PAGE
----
Minsk confronts domestic, geopolitical challenges: Global Times editorial

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Source: Global Times

Belarusian President Alexander Lukashenko Photo: Xinhua

Belarusian President Alexander Lukashenko is confronting the most severe challenge in his 26 years in power. The opposition forces, which accused him of winning the presidential election through fraud, have won the support of at least part of the public in Belarus’ capital Minsk. The anti-government demonstrations have reached a scale that could impact the country’s stability.

Lukashenko flew over the demonstrators and arrived at his Minsk residence in a helicopter on Sunday, wearing body armor while holding a rifle. Such images reinforced the people’s impression of tensions in Belarus.

Lukashenko was elected to his sixth term as president two weeks ago with 80.23 percent of the vote. The result was immediately questioned and boycotted by the opposition, and Belarus soon fell into turbulence that has never been seen since he came to power.

The similar incident, the opposition refusing to accept its defeat after election, was once staged in Ukraine, a country next to Belarus, which evolved into a “color revolution.” Where is the situation in Belarus headed? This has attracted the attention of neighboring countries, as well as major powers.

Western countries hope that the Belarusian opposition could overthrow Lukashenko this time. The US has been imposing sanctions on Belarus, because apart from their ideological antagonism, Minsk and Moscow are allies. For Western forces, including the US, pulling Lukashenko down would deal a blow to Russia.

Belarus is Russia’s last shield. Eighty percent of the Belarus’ population is Russian Orthodox. Unlike Ukraine, where most are Catholics, Russia’s influence can be better maintained in Belarus to resist Western subversion.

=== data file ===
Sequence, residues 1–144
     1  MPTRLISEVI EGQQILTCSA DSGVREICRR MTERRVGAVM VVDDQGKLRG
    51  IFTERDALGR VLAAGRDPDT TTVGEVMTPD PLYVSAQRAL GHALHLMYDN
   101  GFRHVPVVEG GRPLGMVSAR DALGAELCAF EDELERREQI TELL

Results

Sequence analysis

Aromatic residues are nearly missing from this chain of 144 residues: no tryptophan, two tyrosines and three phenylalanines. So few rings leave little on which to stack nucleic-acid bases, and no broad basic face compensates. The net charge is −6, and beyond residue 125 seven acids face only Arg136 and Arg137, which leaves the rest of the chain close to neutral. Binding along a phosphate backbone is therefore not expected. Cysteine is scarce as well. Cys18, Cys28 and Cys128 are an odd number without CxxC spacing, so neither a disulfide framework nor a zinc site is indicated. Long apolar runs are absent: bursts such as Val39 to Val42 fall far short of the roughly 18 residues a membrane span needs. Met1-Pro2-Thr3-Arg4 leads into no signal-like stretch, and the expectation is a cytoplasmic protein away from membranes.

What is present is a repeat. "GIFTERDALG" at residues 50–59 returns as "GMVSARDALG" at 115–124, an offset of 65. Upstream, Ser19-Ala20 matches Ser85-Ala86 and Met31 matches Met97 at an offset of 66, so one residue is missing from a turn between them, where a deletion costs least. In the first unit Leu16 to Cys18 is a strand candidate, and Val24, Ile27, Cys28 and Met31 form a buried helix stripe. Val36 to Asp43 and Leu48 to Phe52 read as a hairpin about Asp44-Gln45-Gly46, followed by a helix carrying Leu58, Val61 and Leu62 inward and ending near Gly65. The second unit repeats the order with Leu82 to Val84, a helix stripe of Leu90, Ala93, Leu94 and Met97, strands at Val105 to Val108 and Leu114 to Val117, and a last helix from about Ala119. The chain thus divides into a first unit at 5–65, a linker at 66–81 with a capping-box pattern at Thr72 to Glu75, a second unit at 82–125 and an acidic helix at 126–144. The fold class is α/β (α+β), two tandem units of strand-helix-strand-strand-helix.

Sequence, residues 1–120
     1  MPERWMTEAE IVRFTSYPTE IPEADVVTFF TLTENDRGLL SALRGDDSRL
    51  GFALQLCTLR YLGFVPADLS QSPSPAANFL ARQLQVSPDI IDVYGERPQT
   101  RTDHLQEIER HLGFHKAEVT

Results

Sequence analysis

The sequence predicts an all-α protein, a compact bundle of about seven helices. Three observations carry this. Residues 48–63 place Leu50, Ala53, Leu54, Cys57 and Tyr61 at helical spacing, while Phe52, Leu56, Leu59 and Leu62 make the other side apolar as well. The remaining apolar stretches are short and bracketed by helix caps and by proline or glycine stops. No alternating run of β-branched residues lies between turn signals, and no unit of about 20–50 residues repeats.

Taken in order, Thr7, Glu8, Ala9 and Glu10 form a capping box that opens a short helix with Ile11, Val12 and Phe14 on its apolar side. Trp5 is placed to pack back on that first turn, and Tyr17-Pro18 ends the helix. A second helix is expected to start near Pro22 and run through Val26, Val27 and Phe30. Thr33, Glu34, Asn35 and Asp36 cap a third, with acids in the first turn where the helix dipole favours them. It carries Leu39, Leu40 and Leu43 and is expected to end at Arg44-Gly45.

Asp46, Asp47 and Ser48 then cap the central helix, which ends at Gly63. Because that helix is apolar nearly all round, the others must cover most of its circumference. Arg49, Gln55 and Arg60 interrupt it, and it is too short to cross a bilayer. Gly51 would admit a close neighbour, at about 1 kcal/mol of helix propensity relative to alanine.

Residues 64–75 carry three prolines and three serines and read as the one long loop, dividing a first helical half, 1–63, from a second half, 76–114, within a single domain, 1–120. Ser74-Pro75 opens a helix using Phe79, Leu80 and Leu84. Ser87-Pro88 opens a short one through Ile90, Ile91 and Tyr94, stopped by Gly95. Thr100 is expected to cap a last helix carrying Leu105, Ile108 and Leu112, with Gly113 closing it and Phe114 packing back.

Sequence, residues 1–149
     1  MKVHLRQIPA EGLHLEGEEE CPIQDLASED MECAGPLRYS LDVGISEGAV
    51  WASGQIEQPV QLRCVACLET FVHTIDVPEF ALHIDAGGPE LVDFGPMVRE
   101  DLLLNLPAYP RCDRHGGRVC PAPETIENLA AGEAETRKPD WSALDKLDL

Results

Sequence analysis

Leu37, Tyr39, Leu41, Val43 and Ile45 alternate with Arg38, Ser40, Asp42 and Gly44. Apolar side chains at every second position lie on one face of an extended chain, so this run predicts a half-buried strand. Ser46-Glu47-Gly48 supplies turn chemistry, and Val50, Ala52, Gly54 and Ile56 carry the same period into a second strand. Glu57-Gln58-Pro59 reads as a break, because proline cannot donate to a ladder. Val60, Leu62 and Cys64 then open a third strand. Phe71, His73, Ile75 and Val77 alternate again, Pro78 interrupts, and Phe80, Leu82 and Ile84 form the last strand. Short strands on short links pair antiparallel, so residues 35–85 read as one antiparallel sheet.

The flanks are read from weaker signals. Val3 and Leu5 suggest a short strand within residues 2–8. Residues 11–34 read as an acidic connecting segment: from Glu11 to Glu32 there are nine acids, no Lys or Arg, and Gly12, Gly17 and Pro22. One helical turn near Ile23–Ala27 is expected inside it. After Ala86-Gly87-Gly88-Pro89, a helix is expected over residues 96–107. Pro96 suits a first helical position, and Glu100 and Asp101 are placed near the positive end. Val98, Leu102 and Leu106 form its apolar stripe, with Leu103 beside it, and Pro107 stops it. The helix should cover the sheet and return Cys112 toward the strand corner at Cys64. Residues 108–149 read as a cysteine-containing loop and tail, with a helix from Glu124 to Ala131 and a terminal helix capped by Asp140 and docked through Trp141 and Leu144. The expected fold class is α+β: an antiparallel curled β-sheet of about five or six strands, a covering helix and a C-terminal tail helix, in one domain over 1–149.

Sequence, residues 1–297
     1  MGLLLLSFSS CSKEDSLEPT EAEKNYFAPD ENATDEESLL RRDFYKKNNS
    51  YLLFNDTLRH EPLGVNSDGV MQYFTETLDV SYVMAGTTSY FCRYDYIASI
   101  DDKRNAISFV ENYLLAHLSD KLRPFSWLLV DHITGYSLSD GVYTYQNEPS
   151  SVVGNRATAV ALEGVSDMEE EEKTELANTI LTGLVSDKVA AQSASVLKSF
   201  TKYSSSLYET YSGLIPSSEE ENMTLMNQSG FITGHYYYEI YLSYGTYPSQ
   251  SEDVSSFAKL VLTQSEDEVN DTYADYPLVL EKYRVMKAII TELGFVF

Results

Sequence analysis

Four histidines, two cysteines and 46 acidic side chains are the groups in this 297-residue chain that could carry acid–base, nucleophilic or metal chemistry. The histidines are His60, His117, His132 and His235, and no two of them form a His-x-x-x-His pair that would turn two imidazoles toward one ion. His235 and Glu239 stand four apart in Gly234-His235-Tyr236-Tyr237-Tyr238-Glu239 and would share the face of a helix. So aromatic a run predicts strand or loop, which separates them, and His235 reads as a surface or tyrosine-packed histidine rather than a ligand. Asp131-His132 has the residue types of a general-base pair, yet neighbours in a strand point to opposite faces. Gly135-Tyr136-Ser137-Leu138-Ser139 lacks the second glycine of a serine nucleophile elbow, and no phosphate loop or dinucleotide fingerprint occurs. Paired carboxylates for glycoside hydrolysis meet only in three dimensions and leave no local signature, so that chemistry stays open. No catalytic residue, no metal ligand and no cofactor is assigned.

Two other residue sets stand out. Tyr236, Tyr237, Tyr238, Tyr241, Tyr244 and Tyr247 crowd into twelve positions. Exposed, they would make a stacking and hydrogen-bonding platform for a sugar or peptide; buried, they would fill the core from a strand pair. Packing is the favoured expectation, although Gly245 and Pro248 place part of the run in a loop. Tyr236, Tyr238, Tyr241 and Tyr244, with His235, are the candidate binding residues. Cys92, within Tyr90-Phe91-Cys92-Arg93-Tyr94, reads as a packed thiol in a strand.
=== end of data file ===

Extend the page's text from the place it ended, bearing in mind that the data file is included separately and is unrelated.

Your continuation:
The chaos in Belarus was caused by complicated internal and external factors. In the end, it seems to be marked by major power games, which have almost become a template for sensitive affairs in Central and Eastern Europe.

European history shows that once a small country becomes the focus of major power wrestling, if its opinions at home are severely divided, the country would usually turn into a tragedy. Ukraine, Bosnia and Herzegovina are typical examples.

Belarus and Russia have long historical ties with close connections in their language and culture. After the dissolution of the Soviet Union, the two formed the Union State in 1997. Belarus’ political track was once clear. But after former Warsaw Treaty members and all three Baltic countries joined NATO, Belarus had become a new frontline of major power games. When the West, led by the US, squeezes Russia’s strategic space, the focus shifts to Belarus.

If Belarus cannot reach compromises on domestic political issues, resolve the crisis on its own, and if political divisions further intensity, Belarus will most likely become a battlefield between the West and Russia.

Assuming the pro-Russia stance cannot dominate the country, a pro-West stand is less likely to be solidified there. It will be difficult to make the vast majority of Belarusians hate Russia in a long term, and help the West squeeze Russia.

The situation in Belarus shows the Western value system is still attractive, which could penetrate into non-Western societies, and it is hard for small countries to resist it.

It is very difficult for non-Western countries to explore a development path independently, because Western public opinion does not support such explorations, and would increase domestic political disputes in those countries. Such exploration is also far from forming a trend and can often be argued as sailing against the tide.

Ukraine is the most comparable country to Belarus among former Soviet Union members. Both were relatively developed republics at the time, and Ukraine was even stronger than Belarus. Ukraine is one of the first countries in the Commonwealth of Independent States to have undergone a color revolution. Now, it’s per capita GDP is only about half of Belarus’.

This means no matter which path countries like Belarus and Ukraine take, it would be hard for them to march forward. They have not yet completely escaped from the aftereffects of the disintegration of the Soviet Union.

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